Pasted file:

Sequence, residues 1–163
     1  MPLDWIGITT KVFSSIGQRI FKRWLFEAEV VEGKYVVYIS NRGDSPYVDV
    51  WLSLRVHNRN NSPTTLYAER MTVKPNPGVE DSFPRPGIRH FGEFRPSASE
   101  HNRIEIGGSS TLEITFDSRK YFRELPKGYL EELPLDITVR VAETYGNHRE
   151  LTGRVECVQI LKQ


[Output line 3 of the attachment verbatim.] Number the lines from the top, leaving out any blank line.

    51  WLSLRVHNRN NSPTTLYAER MTVKPNPGVE DSFPRPGIRH FGEFRPSASE